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Senator wants end to wind power tax breaks

CHARLESTON – For state Sen. Randy Smith, 18 years is long enough for tax breaks on wind power projects.

One of the many bills Smith, R-Tucker, has introduced during this year’s legislative session is to repeal the tax break the wind power companies receive.

West Virginia has hundreds of windmills dotting the skylines, and, according to Smith, communities are missing out on thousands of tax dollars.

“Usually when we grant a tax break, there is a sunset law limiting it for three-to-five years,” Smith said. “These tax breaks have been ongoing for 18 years.

“My problems is these companies are being given a tax break of over 70 percent, and that is funding that could go to the counties,” he said.

Smith used Tucker County as an example of what counties are losing in tax revenue.

“The county only collects taxes on 30 percent of the land in the county because the remainder is state-owned or under land management,” Smith said. “That is not much in the way of property taxes coming into the county.

“Last year, Tucker County received $32,000 in taxes from the wind power projects in the county,” he said. “If these tax breaks had a sunset law attached to them, they would have received over $700,000 in taxes.”

There is approximately $9 million in taxes the state could be receiving from the windmill projects, Smith estimated.

Smith also said the power generated from the windmills is not used in West Virginia, but is sold to other states – so the state does not profit from the energy.

“Also for all these windmills, approximately 100 West Virginians are employed to help service these windmills,” Smith said. “Most of the crews come from outside West Virginia, so our people are not employed, either. We are always coming up with ways to take money away from people. We need to figure out how to begin to give it back.”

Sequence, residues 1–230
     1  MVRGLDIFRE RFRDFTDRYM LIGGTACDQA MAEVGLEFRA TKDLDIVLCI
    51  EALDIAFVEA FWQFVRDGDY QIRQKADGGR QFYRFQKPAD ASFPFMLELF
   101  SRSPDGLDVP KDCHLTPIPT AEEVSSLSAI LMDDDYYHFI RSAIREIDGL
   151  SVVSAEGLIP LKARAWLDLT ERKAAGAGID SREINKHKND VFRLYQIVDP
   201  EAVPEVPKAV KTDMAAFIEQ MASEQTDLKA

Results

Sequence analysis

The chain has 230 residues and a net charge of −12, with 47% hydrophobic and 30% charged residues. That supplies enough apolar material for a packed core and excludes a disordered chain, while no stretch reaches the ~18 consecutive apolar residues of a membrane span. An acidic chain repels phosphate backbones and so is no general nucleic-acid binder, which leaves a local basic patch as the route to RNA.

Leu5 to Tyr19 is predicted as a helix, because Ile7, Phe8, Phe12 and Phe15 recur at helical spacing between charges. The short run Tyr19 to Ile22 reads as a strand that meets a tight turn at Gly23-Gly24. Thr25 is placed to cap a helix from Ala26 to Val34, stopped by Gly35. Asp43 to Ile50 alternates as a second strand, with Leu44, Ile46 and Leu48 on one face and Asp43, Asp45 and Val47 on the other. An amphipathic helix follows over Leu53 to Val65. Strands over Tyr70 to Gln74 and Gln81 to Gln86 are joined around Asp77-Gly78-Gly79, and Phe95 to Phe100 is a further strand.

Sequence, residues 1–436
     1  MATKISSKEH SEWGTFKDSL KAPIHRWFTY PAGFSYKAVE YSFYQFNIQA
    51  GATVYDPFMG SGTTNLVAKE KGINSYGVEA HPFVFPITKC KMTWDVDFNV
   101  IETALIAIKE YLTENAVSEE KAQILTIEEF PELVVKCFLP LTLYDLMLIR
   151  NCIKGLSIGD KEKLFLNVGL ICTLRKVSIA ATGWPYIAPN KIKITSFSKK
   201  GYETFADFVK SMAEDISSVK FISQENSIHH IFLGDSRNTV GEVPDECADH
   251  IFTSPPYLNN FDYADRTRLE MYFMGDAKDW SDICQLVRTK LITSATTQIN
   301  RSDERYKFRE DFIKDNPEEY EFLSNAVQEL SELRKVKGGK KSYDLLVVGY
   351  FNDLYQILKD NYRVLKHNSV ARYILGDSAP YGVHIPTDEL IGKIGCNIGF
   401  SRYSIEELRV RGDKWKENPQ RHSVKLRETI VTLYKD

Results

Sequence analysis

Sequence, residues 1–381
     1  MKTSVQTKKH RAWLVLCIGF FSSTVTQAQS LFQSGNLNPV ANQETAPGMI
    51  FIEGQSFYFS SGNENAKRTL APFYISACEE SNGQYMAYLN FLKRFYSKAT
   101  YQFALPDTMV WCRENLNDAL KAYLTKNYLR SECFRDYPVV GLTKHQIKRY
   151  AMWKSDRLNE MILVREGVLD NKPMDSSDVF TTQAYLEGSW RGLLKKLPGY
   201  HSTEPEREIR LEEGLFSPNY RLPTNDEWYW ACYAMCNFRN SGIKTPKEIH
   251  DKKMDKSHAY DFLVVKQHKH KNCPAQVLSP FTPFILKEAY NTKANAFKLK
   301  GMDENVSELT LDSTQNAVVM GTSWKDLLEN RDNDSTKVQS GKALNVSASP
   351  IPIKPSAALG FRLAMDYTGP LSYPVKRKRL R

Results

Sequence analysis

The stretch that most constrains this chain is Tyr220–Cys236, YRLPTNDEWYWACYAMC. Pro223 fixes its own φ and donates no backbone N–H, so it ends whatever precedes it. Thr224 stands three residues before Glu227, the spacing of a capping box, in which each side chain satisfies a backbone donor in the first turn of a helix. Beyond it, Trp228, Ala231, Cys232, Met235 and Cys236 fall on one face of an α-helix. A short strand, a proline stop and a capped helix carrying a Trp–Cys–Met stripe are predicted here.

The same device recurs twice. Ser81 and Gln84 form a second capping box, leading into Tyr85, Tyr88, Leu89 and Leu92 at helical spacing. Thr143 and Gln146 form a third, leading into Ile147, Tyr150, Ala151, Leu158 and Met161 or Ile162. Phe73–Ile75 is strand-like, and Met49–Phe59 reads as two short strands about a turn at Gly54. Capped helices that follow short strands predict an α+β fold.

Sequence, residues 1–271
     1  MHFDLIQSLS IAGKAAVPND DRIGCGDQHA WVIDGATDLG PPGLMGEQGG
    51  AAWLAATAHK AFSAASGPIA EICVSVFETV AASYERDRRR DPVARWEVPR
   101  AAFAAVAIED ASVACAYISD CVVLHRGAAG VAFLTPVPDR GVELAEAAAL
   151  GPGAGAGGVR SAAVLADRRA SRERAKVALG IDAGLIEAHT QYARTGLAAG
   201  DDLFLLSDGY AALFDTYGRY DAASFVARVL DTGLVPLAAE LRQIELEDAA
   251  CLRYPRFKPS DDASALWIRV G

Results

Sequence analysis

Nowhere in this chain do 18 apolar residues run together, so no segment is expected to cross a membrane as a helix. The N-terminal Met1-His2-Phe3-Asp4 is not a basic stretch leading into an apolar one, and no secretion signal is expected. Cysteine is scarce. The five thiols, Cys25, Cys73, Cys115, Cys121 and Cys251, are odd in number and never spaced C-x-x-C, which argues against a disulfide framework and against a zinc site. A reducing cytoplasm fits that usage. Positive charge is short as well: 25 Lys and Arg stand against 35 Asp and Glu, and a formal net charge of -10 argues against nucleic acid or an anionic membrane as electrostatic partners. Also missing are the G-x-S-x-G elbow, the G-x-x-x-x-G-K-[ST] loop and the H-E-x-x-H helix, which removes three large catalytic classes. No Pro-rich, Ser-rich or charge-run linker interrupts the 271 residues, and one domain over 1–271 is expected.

Smith also has given his support to the controversial Senate Bill 270, which calls for managed timbering of state parks and lands.

“I was against this bill until I talked with people who understood what is being asked,” Smith said. “What they want to do is managed timbering. They do not want to clear-cut any areas. They are calling for four trees per acre per tract to be timbered. The trees also have a diameter at least 16 inches across chest-high.”

Smith said the majority of the timbering would be done by air, so there will not be any logging trails in the parks.

The senator said an area such as Cathedral State Park in Aurora would be safe from timbering due to its historical status, but he would like to see it cleaned up.

While speaking on the Senate floor, Smith said after 2014’s Superstorm Sandy, “Cathedral State Park was devastated. Because of our rules, no one could go in and get those fallen trees off the floor of the park. All they could do was cut through a path and the debris still lies on the forest floor rotting.

“It would have been nice if we could have gone in there and picked those trees up and sell them and give the money back to the park, which is what this bill calls for,” Smith said.

Smith said trees are going to come down one way or another. “We can go in there and manage the timber and get some money out of it, or let it fall and rot,” Smith said. “That could lead to a forest fire that wipes out the state lands and parks. We don’t want that.”